Workers flee Britain to escape soaring prices

Inflation hit 7% in March and the Bank of England has warned it could hit 10% this year. Meanwhile, fiscal pressure is on track to reach its highest level since the 1940s.

Jason Porter of Blevins Franks, a financial adviser for expats, said there had been a “tremendous” increase in the number of people looking to move abroad this year.

“People are paying way more for everything and that’s a culmination of bad news. It makes people think they need a fresh start and they know they will have a much cheaper life abroad,” he said.

Inflation is rising globally, but higher wages and a cheaper cost of living mean that many foreign countries are still attractive.

Mr Porter said: “Other countries like France, Spain or Portugal are starting from a much lower point because the cost of living was so much cheaper and it will remain so even if they have a high inflation.”

Even a move to America, where inflation stands at 8.5%, a 40-year high, could prove profitable for Britons. The average cost of living is 1% cheaper here in the UK, but lower wages leave British workers worse off than their American counterparts. The average UK after-tax salary is enough to cover living expenses for 1.6 months compared to 2 months in the US, according to analyst Livingcost.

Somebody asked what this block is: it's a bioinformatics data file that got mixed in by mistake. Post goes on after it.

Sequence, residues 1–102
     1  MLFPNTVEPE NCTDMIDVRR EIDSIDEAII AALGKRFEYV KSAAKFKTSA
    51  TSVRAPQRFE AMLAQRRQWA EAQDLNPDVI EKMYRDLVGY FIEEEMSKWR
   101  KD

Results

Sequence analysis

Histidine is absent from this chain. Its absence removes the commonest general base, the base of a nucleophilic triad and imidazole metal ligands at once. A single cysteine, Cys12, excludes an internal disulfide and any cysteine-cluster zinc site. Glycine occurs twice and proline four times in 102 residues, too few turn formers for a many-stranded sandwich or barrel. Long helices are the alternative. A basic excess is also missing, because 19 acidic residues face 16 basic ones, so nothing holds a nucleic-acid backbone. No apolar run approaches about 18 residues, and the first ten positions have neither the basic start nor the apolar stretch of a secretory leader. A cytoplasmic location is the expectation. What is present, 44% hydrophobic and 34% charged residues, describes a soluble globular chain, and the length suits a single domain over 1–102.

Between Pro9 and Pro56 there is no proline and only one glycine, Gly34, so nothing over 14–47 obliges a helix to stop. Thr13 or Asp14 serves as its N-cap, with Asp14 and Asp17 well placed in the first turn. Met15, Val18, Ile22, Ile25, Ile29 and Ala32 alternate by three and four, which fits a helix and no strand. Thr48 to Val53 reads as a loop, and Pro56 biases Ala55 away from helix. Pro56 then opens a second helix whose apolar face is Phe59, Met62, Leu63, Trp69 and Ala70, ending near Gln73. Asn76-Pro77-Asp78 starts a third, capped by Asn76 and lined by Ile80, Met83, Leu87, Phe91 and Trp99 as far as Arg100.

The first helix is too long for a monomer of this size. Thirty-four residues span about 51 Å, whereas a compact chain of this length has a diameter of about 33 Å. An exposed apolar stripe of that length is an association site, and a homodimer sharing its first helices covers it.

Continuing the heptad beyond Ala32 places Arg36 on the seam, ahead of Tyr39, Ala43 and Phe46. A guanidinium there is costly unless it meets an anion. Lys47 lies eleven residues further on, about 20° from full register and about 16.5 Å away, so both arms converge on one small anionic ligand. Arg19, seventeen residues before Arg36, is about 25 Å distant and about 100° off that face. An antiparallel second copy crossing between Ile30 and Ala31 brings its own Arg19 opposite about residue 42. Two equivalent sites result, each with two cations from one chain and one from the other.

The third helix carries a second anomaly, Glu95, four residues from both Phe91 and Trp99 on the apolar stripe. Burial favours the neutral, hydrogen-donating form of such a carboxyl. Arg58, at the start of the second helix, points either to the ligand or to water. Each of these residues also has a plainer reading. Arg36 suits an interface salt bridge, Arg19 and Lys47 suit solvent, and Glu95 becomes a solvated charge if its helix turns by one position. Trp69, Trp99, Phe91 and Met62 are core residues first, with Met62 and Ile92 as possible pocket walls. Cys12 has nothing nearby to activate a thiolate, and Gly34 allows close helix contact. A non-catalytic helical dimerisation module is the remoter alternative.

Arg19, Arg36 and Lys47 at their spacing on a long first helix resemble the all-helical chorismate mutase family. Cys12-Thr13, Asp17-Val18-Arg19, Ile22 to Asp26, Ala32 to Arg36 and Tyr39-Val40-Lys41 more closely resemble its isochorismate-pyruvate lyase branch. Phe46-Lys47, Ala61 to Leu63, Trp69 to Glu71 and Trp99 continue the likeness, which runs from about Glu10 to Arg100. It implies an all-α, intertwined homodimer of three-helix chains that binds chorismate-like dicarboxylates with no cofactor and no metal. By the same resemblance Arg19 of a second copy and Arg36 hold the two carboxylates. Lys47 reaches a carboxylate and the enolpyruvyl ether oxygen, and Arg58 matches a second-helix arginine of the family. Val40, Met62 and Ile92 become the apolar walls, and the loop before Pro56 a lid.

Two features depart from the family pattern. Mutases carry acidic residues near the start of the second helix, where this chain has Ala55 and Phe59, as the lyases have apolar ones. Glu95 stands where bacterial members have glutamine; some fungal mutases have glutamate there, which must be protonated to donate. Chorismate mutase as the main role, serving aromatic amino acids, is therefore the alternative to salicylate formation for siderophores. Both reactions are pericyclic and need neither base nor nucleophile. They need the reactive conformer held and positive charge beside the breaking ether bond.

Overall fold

Australia also raised interest rates to fight inflation, raising the bank rate for the first time in 11 years to 0.35% from 0.1% previously. This follows price increases of 5.1% on the year to March. As in America, Australian after-tax wages stretch to cover more living expenses than British wages.

Europe is struggling with rising inflation, but some countries are doing better than others. France’s national consumer price index reached 4.8% in April, while Spanish consumer prices rose 8.4%. Both generally have a lower cost of living than Britain.

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